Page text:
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Friday, December 28, 2012

New Year's Resolution

By Tim Faulkner, News executive editor

2013 is shaping up to be a year of activism. Planning is underway for a massive Presidents Day rally in Washington, D.C. Union supporters are striking and taking to capitals. College students are calling for divestment. Even those happy with the outcome of the presidential election aren’t taking the year off.

Perhaps a new consumerism will also be part of this burgeoning activist movement. Environmental degradation aside, the economy is improving; shoppers are spending; new stores are opening.
This wave of growth presents an opportunity to transform the physical look of retailing, the livability of our communities and the health of local economies.

The nationwide Black Friday rallies at Wal-Mart Supercenters show that the low-price-only doctrine undermines the economy. In terms of jobs, wages — about $9 an hour at Wal-Mart — and standard of living, big-box stores and discount retailers only make people poorer and contribute to the nation’s wealth gap. The “Wal-Mart Effect” reinforces the oldest of adages: "You get what you pay for."

Simply put, you can’t buy stuff for cheap and also expect to earn a respectable income and live in a nice place. In our consumer-dominated economy, shopping sets the standard of living. If you patronize big-box stores and strip malls, then your community begets retail sprawl, and low-paying retail jobs dominate the workforce. Shopping centers and malls create fields of pavement, threaten wetlands, increase flooding and make driving stressful and dangerous. You are where you shop.

Contrast this ever-growing image with the goals of Grow Smart Rhode Island, the nonprofit group advocating for revitalized and walkable city and town centers. Grow Smart RI promotes the development and preservation of unique communities through the advancement of small businesses, public transportation, rehabbed buildings and access to local agriculture. It seeks a quality of life based on sustainability, not low prices.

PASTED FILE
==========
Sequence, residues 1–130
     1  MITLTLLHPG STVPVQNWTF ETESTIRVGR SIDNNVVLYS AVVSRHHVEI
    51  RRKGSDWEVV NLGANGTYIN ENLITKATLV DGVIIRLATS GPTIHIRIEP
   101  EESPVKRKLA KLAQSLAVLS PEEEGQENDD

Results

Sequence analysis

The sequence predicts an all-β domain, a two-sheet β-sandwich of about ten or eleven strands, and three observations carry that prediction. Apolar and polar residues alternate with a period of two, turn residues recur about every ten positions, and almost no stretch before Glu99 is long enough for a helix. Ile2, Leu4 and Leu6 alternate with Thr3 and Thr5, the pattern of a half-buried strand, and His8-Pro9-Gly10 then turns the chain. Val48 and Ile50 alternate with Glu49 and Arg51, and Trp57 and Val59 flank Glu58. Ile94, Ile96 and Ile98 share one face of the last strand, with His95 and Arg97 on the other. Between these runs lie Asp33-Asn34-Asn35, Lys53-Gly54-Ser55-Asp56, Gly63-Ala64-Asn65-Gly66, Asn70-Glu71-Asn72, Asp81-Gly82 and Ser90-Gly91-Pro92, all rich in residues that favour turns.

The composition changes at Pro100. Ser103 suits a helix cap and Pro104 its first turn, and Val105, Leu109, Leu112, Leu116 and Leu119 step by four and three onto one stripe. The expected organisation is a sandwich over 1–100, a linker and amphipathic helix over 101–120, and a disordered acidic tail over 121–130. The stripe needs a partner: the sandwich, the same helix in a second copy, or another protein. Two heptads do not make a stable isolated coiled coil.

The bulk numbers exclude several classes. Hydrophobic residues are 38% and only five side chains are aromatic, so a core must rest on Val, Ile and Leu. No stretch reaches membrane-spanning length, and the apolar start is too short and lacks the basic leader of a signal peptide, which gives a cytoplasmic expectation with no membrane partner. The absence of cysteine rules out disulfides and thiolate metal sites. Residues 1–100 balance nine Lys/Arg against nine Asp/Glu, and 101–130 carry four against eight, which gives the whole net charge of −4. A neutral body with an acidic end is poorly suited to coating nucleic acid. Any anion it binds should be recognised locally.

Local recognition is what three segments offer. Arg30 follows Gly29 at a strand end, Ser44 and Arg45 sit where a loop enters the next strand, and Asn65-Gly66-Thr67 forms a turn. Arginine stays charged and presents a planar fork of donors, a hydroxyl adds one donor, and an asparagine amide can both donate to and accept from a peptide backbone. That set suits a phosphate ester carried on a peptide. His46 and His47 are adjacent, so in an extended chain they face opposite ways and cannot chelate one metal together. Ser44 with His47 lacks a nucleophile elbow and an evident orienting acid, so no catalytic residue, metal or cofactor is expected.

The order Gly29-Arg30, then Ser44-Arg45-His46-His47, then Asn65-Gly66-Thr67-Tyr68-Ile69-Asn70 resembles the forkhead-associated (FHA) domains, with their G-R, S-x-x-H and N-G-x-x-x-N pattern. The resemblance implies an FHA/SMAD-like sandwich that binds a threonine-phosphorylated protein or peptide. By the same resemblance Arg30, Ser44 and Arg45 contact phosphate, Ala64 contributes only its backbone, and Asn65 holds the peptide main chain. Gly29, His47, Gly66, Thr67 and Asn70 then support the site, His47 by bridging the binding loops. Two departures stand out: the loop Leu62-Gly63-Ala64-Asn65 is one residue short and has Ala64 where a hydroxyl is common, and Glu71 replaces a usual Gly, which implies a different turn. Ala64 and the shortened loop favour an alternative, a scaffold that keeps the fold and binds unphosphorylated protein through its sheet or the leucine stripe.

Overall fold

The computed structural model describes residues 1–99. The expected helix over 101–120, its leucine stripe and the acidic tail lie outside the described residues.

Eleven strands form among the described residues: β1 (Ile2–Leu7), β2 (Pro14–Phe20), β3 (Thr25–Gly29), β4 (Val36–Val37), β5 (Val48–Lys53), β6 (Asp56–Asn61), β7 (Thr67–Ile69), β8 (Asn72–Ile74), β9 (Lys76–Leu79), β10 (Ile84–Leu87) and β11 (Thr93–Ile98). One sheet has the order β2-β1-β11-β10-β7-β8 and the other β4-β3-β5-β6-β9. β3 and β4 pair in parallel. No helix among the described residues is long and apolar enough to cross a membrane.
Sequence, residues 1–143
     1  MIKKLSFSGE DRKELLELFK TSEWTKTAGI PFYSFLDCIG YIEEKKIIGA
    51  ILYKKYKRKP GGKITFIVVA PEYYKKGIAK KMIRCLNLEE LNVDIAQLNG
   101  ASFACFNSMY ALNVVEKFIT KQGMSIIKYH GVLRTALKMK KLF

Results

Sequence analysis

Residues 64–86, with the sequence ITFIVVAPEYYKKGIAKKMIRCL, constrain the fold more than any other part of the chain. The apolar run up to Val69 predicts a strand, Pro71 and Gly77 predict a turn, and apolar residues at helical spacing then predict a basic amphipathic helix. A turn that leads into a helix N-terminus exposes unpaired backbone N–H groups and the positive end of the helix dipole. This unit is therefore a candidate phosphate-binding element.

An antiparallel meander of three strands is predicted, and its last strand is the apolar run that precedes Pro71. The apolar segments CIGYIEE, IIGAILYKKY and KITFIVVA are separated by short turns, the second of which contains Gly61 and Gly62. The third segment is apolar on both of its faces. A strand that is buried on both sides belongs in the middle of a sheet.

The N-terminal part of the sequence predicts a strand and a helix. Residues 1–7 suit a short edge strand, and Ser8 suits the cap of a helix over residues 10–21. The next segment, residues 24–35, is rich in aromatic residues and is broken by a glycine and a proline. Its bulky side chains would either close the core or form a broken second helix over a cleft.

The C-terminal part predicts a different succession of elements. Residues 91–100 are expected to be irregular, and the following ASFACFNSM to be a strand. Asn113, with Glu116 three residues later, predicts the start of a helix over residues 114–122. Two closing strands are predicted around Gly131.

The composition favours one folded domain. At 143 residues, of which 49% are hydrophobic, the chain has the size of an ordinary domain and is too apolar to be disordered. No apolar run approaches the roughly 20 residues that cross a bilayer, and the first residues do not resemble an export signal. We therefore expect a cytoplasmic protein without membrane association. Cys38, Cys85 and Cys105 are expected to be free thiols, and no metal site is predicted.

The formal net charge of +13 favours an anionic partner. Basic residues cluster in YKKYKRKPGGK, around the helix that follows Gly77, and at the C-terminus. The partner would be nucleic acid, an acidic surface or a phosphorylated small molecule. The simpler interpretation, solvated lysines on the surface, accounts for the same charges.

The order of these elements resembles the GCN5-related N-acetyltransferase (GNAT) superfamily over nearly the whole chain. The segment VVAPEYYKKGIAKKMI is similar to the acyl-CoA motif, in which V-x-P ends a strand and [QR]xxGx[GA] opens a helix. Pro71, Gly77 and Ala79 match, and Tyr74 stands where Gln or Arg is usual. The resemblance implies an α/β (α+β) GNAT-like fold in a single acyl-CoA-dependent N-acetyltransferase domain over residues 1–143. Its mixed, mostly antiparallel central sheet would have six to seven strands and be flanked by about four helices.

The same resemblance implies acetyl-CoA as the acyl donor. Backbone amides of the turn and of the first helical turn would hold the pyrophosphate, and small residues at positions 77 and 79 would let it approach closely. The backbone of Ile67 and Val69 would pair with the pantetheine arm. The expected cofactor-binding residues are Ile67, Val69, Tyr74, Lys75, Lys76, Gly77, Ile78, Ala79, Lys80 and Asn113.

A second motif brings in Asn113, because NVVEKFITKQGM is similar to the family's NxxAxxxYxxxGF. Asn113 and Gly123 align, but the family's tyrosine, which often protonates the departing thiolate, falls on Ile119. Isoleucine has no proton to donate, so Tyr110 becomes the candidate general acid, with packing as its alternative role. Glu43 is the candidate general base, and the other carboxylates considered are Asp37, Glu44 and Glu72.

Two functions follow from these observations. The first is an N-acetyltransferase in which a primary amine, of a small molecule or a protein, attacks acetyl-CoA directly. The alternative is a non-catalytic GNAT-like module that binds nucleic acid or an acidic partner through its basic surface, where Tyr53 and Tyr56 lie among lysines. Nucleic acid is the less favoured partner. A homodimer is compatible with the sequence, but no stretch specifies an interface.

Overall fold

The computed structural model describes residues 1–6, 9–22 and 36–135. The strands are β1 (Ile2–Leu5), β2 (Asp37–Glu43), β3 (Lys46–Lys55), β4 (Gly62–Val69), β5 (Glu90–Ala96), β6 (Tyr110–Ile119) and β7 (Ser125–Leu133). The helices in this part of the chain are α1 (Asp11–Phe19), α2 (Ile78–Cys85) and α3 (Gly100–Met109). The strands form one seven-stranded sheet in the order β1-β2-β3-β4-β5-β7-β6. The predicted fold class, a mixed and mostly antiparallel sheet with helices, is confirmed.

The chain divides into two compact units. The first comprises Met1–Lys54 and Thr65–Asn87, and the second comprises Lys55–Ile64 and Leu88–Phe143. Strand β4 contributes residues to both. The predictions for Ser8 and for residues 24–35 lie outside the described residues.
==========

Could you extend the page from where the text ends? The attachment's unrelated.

But smart growth doesn’t make consumers less wealthy. A recent report from Civic Economics showed that $45 of every $100 spent at a local retailer stays in the community, while only $13 from a national chain stays local. Clustered and transit-oriented development also increases property values and reduces transportation costs. It creates work in construction and transportation, careers that are more likely to weather a poor economy. These projects also create proportionally more medium-wage jobs and fewer low-wage jobs, according to Grow Smart RI.

The principles are slowly proving true in cities such as Cambridge, Mass., and countless smaller communities and neighborhoods across the country. Both North Kingstown and South Kingstown have already embraced the idea in order to preserve open space and manage growth. And Rhode Island has 21 towns and villages identified as candidates (pdf) for such development.

The good news is that the economy has the momentum to make smart-growth principals take hold. Local public policy also is advancing the cause, with the passage of the complete streets legislation (pdf) by the General Assembly. Consumers, however, must support this development for it to succeed. Shop your values at places where employees earn respectable wages with benefits, in stores and restaurants that use local food and products and sustainable packaging. Avoid retailers engulfed in a sea of pavement.

It may not be a full-blown march or protest, but practicing sustainable consumerism during a resurgent economy drives the change required for a better Rhode Island.